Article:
The imposing presence of the squad car hinted at the history of violence that bubbled beneath the surface of the corner scene.
This clinic is only minutes away from the former location of the Brookline Planned Parenthood where 25 years ago, John Salvi carried out a mass shooting, injuring four people and killing the receptionist Shannon Lowney before driving down the street to the Preterm Health Services Clinic and opening fire again.
Salvi, who was 22 at the time of the shootings, was apprehended the following day after carrying out a third attack on an abortion clinic in Norfolk, Va. That clinic had already been the site of an attempted bombing in 1984.
At the trial, Salvi’s mental fitness was called into question. Several expert witnesses testified that he exhibited symptoms of schizophrenia, and Salvi was sent to Bridgewater State Hospital for observation. He was ultimately declared competent to stand trial and found guilty of two counts of first degree murder and five counts of armed assault with attempt to murder. He was sentenced to life in prison without parole in 1996. A few months later, Salvi was found dead in his cell in an apparent suicide.
In total, anti-abortion violence has claimed the lives of 11 people since 1993. Most recently, three people were killed at a Planned Parenthood in Colorado Springs, Colorado by a man who claimed to be a “warrior for the babies” at his trial.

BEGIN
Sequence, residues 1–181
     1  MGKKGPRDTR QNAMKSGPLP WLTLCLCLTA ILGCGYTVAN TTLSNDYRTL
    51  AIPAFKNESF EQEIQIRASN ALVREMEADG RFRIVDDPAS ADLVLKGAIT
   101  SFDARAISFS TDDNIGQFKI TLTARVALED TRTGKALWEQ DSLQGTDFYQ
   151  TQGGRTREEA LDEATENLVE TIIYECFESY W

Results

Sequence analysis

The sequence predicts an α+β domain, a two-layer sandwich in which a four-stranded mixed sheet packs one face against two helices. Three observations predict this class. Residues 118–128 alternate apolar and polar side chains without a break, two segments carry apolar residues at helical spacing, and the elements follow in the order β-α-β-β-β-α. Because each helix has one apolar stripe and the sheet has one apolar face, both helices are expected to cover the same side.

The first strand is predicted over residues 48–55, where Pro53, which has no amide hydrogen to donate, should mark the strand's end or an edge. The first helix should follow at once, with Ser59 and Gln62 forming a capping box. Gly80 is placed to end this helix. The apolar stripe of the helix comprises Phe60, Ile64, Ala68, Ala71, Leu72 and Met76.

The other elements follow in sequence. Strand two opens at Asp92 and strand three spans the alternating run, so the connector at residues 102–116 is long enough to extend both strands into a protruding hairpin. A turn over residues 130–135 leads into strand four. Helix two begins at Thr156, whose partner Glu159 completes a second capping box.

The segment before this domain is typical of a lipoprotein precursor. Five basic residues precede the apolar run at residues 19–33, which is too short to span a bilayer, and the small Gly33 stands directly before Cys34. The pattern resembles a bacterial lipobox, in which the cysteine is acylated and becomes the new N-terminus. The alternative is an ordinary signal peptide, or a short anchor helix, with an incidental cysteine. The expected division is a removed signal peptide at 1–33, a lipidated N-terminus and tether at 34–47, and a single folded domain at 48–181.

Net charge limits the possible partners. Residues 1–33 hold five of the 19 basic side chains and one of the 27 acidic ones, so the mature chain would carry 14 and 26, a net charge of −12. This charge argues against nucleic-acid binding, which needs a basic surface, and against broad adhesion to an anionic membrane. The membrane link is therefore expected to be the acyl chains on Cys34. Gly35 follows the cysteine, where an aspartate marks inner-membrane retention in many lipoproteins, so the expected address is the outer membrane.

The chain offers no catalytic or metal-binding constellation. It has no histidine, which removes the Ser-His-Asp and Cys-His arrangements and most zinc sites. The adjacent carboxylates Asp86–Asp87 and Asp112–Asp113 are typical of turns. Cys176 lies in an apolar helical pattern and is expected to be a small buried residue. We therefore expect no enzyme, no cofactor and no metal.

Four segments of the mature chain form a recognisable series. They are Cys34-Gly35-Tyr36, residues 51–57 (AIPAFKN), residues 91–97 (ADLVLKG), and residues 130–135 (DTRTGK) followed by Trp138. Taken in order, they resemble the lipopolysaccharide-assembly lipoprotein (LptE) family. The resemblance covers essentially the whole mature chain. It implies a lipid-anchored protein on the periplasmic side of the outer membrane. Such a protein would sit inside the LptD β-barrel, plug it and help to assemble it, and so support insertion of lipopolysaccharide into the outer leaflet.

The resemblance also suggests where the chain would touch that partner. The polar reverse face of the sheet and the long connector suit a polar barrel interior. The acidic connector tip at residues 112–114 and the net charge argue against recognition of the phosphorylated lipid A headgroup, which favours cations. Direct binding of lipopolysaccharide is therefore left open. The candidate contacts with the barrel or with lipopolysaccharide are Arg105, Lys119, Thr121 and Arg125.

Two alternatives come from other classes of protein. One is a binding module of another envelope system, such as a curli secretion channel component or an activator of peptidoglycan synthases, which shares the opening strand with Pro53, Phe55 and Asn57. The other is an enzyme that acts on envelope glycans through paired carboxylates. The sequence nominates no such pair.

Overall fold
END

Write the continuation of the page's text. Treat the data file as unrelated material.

According to the National Abortion Federation, which tracks anti-abortion violence and disruption statistics, there have also been 42 bombings, 188 arsons, 100 attempted bombings or arsons, 654 bomb threats, 4883 incidents of trespassing, and 1860 incidents of vadalism since 1977.
In 2018, the NAF report showed a significant increase in incidents of trespassing and vandalism.
“Anti-choice individuals and groups have been emboldened by the rhetoric of President Trump, Vice President Pence, and other elected officials and we are seeing this play out in more instances of activities meant to intimidate abortion providers and disrupt patient services,” The Very Rev. Katherine Ragsdale, Interim President and CEO of NAF told Common Dreams earlier this year.
“We had another save today,” said one of the protestors at the Greater Boston Planned Parenthood named Evelyn, her eyes sparkling behind librarian-like transition lenses. She smiled broadly as she recounted the story.